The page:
“Dirty Debts Sold Dirt Cheap” Says Report on Sale of Accounts to Debt Collectors
In many contracts, sellers of debts disclaim all warranties about the underlying debts sold or the information transferred. Sellers also sometimes refuse to stand by “the accuracy or completeness of any information provided.”
That is, even though creditors are purportedly selling debts to debt collectors, the creditors are refusing to guarantee that any of the amounts are accurate or that the accounts are even owed at all.
Critical information is often missing from the accounts, such as the principal amount owed, the interest rate, and even the name of the original creditor. Yet, although these crucial pieces of information are missing, debt buyers often attempt to collect from consumers anyway.
Why do debt collectors and debt buyers have so little information? Because they usually win. Most consumers do not defend themselves when they receive notice of a collection lawsuit, the debt buyers are able to obtain a judgment without having to provide evidence.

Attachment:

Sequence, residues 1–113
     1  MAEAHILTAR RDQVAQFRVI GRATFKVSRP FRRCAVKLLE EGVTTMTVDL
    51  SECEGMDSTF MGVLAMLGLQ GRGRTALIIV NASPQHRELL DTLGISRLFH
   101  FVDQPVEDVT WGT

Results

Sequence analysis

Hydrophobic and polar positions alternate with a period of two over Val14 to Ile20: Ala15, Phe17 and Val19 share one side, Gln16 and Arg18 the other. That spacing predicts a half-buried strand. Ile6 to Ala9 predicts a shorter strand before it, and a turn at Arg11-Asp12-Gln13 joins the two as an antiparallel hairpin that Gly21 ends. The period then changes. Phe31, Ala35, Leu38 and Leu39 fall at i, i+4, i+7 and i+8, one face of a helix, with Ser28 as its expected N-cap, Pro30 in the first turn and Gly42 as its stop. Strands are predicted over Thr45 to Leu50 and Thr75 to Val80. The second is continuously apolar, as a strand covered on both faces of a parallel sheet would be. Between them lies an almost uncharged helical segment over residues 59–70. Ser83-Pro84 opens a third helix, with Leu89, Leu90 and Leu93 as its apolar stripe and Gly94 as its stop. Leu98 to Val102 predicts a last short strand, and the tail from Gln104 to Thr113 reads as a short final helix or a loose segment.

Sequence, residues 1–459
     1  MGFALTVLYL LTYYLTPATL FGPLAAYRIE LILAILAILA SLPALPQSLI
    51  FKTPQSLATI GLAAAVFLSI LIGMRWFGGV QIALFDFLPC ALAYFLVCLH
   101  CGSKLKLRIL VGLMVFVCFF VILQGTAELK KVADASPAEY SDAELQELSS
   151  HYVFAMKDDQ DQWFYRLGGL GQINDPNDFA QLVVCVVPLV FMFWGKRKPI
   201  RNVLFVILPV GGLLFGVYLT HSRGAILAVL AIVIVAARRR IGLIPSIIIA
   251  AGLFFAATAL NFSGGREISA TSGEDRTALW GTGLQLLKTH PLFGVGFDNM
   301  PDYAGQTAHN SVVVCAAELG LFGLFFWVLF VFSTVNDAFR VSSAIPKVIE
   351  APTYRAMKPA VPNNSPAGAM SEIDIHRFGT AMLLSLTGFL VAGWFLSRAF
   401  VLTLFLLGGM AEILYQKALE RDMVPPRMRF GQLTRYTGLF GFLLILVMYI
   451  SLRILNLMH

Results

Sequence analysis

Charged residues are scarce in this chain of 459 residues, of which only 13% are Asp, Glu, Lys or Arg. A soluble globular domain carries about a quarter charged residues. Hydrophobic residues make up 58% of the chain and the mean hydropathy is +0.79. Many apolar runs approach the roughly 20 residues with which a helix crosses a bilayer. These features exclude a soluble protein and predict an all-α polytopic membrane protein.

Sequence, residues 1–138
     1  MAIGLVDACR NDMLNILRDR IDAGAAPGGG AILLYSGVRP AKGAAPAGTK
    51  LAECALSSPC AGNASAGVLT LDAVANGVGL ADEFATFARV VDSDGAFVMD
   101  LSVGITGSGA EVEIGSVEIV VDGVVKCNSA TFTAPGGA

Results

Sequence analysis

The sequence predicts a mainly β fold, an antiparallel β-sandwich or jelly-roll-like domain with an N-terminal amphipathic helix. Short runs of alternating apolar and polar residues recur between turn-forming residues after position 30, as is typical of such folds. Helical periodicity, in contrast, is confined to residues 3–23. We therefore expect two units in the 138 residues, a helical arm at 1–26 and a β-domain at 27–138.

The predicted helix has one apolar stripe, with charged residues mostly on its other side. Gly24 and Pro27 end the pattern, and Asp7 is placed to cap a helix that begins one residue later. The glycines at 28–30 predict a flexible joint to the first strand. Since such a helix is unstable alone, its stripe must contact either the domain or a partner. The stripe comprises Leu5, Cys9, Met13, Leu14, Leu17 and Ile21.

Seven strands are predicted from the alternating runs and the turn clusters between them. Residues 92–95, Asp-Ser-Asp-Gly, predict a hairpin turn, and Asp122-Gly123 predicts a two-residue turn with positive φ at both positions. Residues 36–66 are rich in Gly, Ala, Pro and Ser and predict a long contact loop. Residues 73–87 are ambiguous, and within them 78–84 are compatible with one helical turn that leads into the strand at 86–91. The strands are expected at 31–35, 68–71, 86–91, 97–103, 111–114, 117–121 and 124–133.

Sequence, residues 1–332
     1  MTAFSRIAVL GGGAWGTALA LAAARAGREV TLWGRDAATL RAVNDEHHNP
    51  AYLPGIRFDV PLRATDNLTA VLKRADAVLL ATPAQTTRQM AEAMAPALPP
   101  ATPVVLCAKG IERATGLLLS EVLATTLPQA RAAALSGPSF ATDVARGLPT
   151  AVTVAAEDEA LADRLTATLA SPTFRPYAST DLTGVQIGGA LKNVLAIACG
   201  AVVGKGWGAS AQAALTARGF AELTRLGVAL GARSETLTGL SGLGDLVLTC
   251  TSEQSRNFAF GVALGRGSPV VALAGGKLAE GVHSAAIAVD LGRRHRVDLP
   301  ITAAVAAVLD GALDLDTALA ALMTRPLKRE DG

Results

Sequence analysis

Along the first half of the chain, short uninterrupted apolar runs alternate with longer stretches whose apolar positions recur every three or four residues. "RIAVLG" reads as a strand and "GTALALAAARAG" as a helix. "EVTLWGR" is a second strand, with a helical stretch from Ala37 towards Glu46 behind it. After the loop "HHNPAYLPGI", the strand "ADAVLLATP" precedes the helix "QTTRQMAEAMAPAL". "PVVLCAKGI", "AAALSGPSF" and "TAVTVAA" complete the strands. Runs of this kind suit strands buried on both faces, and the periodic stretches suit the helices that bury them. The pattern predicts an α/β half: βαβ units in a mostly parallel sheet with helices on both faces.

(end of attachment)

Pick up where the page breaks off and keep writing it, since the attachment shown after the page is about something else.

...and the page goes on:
When consumers challenge these debt buyers in court, however, the collection cases fall apart. Debt buyers “never received documents for the vast majority of the accounts they purchased,” according to the Federal Trade Commission.
The report concludes that the lack of documentary evidence creates a lack of legitimacy in the debt-collection industry. If debt buyers do not legally own the accounts upon which they sue, but they obtain court judgments anyway, then the system is broken.
The report is here: Dirty Debts Sold Dirt Cheap
[vc_separator type=’normal’ position=’left’ color=’393939′ border_style=” thickness=’1′ up=” down=”]
Culik Law is a Massachusetts Law Firm. The posts on Culik Law’s blog are not intended as legal advice. If you have questions about your particular situation, CONTACT CULIK LAW for a Free Consultation.